I have many other foods that I personally do not eat, but that my son eats. These came through my own sensitivity tests and have really helped me heal at a deeper level. He is 4 and has been GF and DF since birth. He did so amazingly well on breast milk with my diet and I felt very called to keep him GF and DF as he grew. He never burped up. Had rashes or anything of the sort. I also feel that when he was smaller our bodies were very intertwined. I am a mother who still breastfeeds in the morning and at night. I can feel him really stepping into his own being and as this happens I want to be sure to listen to his body and what his needs are. When he was younger though it just felt right in all of my being to keep him GF and DF. I can see your point about being mindful of cutting out whole food categories. I will feel into that more deeply and consider what will best suit him. If gluten or dairy can nurture his body, I am open to him having organic high quality sources but he is so healthy now, I am not sure we really need to change what we are doing. He is thriving so I feel that my decisions so far have really served him and his growth. I do a lot of mediation and asking for guidance of my inner knowing and source. I will bring this in for consideration. But for now I feel what I have been doing is working well. Is there anything you can share that woudl alarm me that these decisions are not serving at this time?

    I pay very close attention to ingredients. I am very thoughtful and also realize that a lot of GF stuff is actually crap and I do not eat that or bring it into the house. Reading ingredients is so important. We actually are taking our relationship to food one step further. We began growing our own food this year also. It’s such a beautiful shift to be connecting with the land more deeply and really knowing where our foods comes from. Allowing my son to dig and harvest food. We need more than what our garden grew, so we go to the local farmers market for our vegetables and fruit . Eating not only organic , but also local feels so nutritious and I can feel it deeply in my body and the way I feel. We are are making friends with farmers and ranchers and really getting to know our food at very intimate levels. We are visiting farms to see where the animals live. My son gets to actually pick the duck eggs we eat. We are really creating a connection to Mother Nature and our bodies. We are also creating community around the market and eating healthy. We even started a little local farmers market in our neighborhood where people can being what they grow. My son got to be the farmer and we got to share our veggies with our neighbors. I feel really good about the influence from these decisions.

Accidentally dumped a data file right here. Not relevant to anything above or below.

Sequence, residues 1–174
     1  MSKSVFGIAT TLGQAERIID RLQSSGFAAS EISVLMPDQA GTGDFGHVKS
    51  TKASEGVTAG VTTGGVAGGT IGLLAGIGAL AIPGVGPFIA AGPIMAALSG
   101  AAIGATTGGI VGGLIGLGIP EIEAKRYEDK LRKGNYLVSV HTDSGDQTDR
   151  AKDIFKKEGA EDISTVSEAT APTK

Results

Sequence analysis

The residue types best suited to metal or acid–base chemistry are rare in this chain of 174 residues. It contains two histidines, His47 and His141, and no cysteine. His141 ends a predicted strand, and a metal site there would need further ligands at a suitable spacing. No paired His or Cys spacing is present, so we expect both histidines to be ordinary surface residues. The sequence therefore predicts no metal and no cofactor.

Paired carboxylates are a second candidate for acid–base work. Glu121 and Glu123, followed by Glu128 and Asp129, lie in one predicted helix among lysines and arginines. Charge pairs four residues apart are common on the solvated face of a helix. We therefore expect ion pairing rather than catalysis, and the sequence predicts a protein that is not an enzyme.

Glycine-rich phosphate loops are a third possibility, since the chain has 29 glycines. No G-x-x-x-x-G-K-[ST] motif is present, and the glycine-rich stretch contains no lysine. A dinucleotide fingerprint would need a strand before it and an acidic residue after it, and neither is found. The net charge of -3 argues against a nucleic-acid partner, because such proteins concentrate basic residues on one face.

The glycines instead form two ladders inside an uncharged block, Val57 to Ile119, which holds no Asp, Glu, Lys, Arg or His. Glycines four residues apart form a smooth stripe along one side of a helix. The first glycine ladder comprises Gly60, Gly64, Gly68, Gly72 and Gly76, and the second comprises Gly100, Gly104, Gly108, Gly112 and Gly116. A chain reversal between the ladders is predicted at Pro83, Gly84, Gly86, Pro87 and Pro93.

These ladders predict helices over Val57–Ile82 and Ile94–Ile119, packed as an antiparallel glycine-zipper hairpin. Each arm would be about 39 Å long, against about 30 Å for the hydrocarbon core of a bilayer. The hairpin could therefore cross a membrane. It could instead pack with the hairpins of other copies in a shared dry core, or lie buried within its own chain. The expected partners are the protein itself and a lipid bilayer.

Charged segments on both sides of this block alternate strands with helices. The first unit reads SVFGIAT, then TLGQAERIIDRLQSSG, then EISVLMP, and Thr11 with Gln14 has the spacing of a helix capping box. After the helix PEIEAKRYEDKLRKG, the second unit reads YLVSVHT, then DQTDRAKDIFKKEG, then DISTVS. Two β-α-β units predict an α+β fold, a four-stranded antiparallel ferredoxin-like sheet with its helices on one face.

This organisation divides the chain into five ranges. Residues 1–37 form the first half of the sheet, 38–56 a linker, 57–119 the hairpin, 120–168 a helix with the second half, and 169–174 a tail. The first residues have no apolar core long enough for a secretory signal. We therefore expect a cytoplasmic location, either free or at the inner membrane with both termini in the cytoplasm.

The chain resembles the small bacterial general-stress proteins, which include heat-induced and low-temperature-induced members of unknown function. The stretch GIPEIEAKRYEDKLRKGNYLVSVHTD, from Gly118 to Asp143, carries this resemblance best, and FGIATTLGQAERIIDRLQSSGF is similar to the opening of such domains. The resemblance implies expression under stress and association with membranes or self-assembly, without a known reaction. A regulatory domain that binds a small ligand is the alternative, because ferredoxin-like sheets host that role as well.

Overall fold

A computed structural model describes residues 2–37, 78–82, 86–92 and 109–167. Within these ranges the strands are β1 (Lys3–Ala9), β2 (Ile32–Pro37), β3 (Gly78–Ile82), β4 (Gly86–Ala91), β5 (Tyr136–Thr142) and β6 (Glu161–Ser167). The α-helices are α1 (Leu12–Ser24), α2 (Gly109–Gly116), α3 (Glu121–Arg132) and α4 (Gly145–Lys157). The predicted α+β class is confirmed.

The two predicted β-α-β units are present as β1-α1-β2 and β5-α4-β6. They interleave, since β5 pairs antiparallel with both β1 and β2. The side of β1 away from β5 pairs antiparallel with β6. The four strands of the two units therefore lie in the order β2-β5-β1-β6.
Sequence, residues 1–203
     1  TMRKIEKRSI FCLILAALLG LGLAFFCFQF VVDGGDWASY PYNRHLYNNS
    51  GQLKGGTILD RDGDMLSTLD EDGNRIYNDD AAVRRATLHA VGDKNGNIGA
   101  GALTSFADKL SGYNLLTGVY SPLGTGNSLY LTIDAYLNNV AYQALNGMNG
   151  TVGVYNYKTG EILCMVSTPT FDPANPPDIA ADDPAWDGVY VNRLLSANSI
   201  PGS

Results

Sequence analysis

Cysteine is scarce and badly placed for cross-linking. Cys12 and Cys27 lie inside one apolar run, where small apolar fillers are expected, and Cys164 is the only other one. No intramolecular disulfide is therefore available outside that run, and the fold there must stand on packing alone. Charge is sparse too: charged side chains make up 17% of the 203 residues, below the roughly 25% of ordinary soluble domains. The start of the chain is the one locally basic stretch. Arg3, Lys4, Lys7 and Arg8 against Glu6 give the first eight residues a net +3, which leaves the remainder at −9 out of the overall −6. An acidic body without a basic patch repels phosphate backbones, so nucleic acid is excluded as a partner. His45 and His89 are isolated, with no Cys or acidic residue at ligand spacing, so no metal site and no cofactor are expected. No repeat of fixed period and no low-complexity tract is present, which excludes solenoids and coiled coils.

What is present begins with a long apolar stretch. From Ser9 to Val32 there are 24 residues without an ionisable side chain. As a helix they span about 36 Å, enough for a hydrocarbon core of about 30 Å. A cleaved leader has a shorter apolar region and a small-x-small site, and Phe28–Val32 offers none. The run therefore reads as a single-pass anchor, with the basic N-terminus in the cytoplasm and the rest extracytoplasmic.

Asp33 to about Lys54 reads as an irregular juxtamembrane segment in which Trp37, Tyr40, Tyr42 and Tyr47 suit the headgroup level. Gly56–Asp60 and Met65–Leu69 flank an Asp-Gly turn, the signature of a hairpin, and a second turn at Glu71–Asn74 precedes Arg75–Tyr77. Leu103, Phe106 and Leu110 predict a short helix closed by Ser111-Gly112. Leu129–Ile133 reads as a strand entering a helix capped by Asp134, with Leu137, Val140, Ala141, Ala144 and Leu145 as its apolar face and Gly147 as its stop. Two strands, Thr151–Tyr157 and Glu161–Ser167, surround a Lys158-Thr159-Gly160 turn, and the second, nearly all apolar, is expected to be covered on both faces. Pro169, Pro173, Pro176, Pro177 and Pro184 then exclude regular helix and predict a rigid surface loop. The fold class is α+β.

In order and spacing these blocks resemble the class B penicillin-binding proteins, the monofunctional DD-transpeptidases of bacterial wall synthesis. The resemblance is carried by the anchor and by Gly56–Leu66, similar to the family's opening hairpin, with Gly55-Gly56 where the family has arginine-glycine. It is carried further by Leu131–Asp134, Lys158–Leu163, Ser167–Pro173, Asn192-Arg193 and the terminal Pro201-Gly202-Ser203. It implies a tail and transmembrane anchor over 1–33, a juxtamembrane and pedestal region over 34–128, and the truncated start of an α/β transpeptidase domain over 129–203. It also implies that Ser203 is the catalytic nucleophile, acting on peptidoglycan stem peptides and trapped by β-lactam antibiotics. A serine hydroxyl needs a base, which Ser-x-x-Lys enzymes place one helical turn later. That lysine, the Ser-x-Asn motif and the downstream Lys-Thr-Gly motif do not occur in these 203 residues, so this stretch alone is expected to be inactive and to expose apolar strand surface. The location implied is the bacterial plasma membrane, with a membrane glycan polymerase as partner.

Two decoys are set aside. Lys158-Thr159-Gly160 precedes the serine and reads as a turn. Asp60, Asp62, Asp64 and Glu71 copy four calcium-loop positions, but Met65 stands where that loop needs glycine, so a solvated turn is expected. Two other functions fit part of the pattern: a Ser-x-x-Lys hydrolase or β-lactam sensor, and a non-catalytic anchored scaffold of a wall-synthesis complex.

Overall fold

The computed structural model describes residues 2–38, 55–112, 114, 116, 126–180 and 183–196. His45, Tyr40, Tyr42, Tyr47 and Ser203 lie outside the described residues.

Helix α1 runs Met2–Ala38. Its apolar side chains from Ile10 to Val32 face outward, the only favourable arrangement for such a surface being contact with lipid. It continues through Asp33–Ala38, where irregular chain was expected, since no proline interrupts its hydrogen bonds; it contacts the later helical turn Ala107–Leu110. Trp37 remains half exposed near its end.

The hard part here is that his father makes very different personal food choices for himself. Not just gluten or dairy but mostly GMO and non organic. With his older son I witnessed him choosing hydrogenated cinnamon rolls from king snoopers every morning for breakfast. I witnessed sugary cereal, laffy taffy and McDonald’s. These are things that I do not even consider food. I am really fighting for quality here too. If we were to begin to introduce gluten or dairy, I would need it to be only organic and good quality in a manner that is safe and transparent so we can really pay attention, rather than a gateway for more bad choices. I will say that my intuition is saying no to that introduction at this time. I have fought very hard to hold this for my son and it feels so important. I have used food to heal and I know what it can do. I want to use this knowledge to pass to my child so that he can really eat for his body . I am open to seeing what his body tells us though.

    That’s where testing comes in for me. I also reached out to our family Chinese medicine doctor and after considering his view, I feel it could be a great idea to get a look at my sons body and just see what that shows us. I would do a finger prick test and stool sample for a basic look. In my Chinese medicine doctors opinion, many food sensitivities are passed down and it could be likely for a child to have the same sensitivities as the mother or father. He has been our family doctor since 2012 and has helped me balance from my own autoimmune healing. He is actually who brought the awareness around food sensitivities to my life and I trust his 30 years of experience for sure. You and I started working together a few years later when I needed a bit more tweaking than gluten and dairy and thank you for your help too!

    As I incorporate my Chinese Medicine Doctors view point deeper into consideration , I am drawn to looking at my family history. Both of my grandmothers had IBS and chronic digestive problems. My mother has had her share of symptoms relating to sensitivities as well. My sons fathers family has extreme obesity and this is another factor I am considering while I considering my sons relationship to food.

    So in looking at our whole picture, I feel that the information a test provides could be really beneficial in making good and healthy food choices. I do have a very different view than you on this topic though. Rather than a recipie for an unhealthy relationship with food, I see it as an opportunity to share wisdom and knowledge about making healthy choices and listening to our bodies. I see it as a gift of my own healing process and look forward to helping my son listen to his body and make good choices that will nurture and keep his health balanced. I feel it will be a great conversation to continue and light the path for a well balanced life.

    Thank you for your work Elizabeth. I appreciate your time and knowledge and your help in my healing process. I hope my perspective helps others as they make decisions for their families.

    1. Rachel, I respect and admire your thoughtfulness and mindfulness about feeding your son. I think you should follow your gut and do what you feel is right for the two of you. I’m happy to be of help at any point.
      All the best,